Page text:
Sericomya silentis. Arne, Dorset.
In the nearby fields of Arne Farm there was a herd of about
forty Sika Deer. They were very easy to view as they seemed to have little fear
of humans as compared to the Roe Deer that we are more used to seeing.
12th May 2009
We had attempted to light trap in some birch woodland at the
edge of the moor the previous night, but this was unsuccessful as it was 0oC
at 10pm when it started to get dark. As it was so late we decided to set up camp
where we were.
Another cold night. It was again -4oC in the
morning and this time the tents were covered in frost. So while I took
photographs Roger started packing up camp. He then went off to release the moths
we had just photographed while I wiped down the tents as they dried out in the
sun. Roger found the Redstart was still singing at the top of the same tree, so
it was probably nesting there.
When Roger returned we watched a Stoat cross a rabbit
warren in the adjacent field. It dived down several holes, but each time it
reappeared in just a few seconds. A couple of rabbits came up and sat by there
burrows, but the Stoat ignored them and crossed the field, finally disappearing
into some scrub.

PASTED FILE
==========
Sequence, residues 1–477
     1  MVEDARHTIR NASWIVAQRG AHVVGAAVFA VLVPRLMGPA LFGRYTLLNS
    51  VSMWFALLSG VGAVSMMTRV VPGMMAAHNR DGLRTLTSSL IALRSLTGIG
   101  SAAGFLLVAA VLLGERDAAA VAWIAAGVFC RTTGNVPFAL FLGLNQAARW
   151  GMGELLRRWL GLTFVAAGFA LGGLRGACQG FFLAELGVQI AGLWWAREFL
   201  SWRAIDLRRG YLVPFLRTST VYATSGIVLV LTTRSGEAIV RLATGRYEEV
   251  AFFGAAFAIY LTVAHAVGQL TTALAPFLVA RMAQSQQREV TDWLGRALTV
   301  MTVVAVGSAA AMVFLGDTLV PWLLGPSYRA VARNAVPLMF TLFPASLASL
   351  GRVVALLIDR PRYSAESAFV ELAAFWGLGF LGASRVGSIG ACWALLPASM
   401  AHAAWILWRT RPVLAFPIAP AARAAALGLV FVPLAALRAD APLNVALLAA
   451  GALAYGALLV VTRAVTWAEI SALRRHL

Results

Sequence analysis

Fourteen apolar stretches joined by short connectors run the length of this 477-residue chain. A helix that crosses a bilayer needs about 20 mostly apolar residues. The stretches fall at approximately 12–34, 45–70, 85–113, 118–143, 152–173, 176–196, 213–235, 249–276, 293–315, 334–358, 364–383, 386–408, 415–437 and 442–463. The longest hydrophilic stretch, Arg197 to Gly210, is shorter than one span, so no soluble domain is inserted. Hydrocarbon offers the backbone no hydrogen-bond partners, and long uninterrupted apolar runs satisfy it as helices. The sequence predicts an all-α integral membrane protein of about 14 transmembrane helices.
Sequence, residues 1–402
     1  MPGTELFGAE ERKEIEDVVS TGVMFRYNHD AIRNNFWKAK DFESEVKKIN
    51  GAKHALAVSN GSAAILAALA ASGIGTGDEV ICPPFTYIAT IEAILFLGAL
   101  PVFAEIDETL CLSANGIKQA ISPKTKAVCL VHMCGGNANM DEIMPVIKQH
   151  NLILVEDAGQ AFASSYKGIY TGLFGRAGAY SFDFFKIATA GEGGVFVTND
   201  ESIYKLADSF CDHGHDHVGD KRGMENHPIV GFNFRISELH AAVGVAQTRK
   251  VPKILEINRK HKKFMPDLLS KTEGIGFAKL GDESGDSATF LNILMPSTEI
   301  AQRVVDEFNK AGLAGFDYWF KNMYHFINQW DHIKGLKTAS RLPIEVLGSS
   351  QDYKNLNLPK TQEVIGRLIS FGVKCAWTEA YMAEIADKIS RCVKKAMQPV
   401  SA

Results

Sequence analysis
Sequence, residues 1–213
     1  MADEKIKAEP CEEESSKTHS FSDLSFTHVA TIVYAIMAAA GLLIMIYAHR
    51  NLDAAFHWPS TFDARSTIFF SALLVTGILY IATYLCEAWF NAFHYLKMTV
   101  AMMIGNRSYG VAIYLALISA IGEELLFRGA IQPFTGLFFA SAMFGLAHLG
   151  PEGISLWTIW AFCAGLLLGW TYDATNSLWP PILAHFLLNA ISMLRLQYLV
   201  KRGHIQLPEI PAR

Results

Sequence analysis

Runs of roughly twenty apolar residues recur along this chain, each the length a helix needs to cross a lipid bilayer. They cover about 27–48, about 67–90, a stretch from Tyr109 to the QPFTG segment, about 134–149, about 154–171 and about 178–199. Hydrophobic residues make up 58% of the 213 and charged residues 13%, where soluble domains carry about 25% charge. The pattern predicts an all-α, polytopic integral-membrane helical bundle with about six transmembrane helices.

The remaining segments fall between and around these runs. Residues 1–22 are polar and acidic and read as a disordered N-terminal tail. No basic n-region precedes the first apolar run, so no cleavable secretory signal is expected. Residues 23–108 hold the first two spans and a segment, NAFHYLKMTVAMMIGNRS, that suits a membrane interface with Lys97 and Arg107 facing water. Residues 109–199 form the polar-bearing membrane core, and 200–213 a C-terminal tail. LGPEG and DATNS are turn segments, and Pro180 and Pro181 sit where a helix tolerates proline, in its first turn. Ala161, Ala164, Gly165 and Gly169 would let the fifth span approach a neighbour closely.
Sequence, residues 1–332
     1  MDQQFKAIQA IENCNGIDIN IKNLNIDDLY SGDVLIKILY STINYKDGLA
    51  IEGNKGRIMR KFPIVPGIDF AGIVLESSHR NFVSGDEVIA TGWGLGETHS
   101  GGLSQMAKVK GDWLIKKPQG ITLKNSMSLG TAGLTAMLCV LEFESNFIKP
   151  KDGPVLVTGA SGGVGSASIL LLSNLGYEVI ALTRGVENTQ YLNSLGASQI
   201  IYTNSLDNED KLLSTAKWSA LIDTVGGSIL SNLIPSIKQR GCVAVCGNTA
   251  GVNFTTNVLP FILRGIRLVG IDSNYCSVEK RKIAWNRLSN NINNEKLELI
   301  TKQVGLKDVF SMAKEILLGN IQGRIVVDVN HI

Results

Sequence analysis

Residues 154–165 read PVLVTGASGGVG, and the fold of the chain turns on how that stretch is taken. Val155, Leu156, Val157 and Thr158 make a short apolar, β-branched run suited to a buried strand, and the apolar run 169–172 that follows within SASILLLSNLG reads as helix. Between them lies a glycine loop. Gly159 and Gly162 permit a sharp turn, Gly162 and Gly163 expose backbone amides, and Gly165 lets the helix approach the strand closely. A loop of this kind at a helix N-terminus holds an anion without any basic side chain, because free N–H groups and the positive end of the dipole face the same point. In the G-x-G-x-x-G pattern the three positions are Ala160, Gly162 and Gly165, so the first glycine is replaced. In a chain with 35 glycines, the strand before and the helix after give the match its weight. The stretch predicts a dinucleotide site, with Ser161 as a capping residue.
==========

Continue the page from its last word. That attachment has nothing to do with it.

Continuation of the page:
We then decided to have a look on Cairngorm for the
Broad-bordered White Underwing. It was early in its flight period, but we would
not be back again until it was over, so we thought it worth a try.
This rare moth is only found above 650 metres, which happens
to be the height just above the base station of the Furnicular Railway. As there
is a road up to this point this was an ideal place to start.
We walked vague tracks through the areas of its
foodplants Bearberry and Crowberry rather than the more obvious trails, but did
not find the moth. In a few hours we were in sight of the Grouse Station, which
is the upper station for the railway. We decide to carry on despite the fact
that we were not seeing any moths. Just above the station we saw two Ptarmigan
still partly in their white winter plumage.
When we reached the summit we came across some birders who
were watching a couple of Snow Buntings. We then walked across to the
weather station where we saw a beautiful female Dotterel. Roger went back
to tell the birders so that they could see it.
Red Squirrel. Inshriach, Highlands.
Later we visited another area of moorland to the north of
Aviemore. Here we found all of the moth species we had seen the day before, plus
many others. Roger searched along the fence posts for Small Dark Yellow
Underwing and found several Glaucous Shears, including a
melanistic specimen. As on the moor the previous day, Incurvaria pectinea
were abundant on almost every mature birch that we looked at. We also saw a
couple of Emperor Moth, a Broom-tip, about twelve Beautiful Yellow Underwing
and after a days searching; two Small Dark Yellow Underwing. Green
Hairstreak were common and we also recorded a single Painted Lady.
At the edge of the moor was a small mixed woodland. On the
edge of a clearing a male Redstart was singing. Further into the conifers